Now, if the IRS agents/investigators had first gone to the media, then they wouldn’t be whistleblowers — they’d be leakers and liable for that violation. But that doesn’t appear to be what’s being alleged by Biden.

Team Hunter wants to hold the whistleblowers accountable for the eventual publication of this material by House Oversight and its subsequent publication by the media (such as it was). Once they notified the relevant congressional committee and the data was made public, the whistleblowers can and did comment in the media about their testimony, but that was a function of the committee’s public hearings, not the IRS nor the whistleblowers. Trying to apply liability for accurate congressional testimony to the witnesses will not go well for the Bidens.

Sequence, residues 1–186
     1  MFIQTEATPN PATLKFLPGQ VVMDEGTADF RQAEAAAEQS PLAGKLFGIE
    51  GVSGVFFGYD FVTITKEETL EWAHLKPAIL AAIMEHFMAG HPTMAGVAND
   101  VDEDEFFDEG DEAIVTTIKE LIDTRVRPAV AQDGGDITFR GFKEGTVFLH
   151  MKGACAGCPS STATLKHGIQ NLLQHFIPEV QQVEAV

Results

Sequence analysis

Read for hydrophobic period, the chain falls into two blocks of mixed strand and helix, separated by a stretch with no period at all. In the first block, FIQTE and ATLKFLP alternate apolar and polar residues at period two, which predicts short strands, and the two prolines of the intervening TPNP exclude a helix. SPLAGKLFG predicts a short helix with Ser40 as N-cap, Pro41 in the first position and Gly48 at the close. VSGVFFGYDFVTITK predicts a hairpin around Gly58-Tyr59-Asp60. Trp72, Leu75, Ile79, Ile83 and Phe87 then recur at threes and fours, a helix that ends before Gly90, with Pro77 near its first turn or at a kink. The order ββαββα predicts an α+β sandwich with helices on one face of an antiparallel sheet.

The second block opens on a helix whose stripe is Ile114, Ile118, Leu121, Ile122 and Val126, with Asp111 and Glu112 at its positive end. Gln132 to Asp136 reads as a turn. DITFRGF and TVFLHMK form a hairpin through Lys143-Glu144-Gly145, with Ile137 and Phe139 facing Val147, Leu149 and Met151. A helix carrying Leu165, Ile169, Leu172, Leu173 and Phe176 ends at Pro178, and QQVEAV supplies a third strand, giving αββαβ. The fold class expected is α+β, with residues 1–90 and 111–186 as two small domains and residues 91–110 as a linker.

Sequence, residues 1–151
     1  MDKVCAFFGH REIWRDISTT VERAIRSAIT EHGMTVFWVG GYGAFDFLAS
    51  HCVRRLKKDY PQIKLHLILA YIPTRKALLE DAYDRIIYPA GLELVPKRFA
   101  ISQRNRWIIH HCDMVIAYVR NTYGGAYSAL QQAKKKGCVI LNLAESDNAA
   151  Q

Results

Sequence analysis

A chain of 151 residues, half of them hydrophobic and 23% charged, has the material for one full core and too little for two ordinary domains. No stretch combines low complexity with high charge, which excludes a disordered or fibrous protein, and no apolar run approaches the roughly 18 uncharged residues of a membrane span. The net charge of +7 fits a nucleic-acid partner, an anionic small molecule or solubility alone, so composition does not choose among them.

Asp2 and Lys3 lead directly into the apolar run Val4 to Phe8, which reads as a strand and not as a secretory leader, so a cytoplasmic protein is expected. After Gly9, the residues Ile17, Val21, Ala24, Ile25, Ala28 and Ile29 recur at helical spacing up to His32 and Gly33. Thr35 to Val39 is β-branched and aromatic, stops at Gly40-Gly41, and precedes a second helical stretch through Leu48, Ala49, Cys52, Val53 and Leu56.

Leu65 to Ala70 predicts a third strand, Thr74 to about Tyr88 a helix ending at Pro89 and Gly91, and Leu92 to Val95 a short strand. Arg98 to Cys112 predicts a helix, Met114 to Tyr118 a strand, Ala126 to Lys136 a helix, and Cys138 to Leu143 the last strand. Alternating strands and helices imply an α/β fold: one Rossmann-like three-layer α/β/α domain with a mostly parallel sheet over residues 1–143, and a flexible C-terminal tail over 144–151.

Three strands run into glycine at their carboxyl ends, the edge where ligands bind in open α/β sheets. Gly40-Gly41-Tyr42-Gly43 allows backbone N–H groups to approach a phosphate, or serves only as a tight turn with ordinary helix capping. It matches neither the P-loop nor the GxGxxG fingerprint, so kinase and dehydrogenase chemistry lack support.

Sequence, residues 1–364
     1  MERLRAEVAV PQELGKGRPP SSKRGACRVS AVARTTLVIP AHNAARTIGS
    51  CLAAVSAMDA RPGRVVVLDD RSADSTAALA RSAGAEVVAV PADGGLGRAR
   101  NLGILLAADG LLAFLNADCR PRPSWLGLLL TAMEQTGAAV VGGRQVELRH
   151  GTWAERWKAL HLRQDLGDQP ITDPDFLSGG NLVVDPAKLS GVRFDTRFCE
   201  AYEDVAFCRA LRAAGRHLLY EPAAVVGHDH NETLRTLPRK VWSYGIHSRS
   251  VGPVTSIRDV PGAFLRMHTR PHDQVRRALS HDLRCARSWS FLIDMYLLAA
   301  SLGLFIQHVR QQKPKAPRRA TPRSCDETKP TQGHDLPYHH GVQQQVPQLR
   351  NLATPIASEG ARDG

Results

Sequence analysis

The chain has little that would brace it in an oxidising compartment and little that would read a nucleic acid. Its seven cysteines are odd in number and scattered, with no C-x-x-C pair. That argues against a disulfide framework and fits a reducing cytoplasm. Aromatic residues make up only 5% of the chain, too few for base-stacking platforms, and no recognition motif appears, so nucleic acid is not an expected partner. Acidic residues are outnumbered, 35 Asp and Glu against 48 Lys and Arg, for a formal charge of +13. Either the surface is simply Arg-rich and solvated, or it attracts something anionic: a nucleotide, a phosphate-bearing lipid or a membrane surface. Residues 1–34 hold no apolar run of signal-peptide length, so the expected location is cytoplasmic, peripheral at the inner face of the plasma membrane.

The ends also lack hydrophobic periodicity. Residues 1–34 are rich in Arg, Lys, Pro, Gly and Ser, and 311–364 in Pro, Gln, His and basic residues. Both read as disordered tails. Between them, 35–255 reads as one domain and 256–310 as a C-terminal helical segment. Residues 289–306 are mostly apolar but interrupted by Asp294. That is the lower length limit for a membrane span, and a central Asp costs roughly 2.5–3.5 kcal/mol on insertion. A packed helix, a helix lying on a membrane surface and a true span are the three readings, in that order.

As for the subsequent media appearances and the additional disclosures outside of congressional testimony, Team Biden may have a somewhat stronger argument, but I doubt a court would take it seriously. To the extent that more specific issues in Hunter’s tax claims were revealed, it was to expose alleged misconduct and corruption in the DoJ, a matter of serious public concern and obviously a legitimate issue for congressional oversight. Revealing the “hookers and blow” business expenses made clear just how egregious the failure to press felony charges actually was. And besides, it’s tough to argue that this testimony was more damaging or even novel after the exposure of the laptop data and the public corroboration of it by Bobulinkski and others.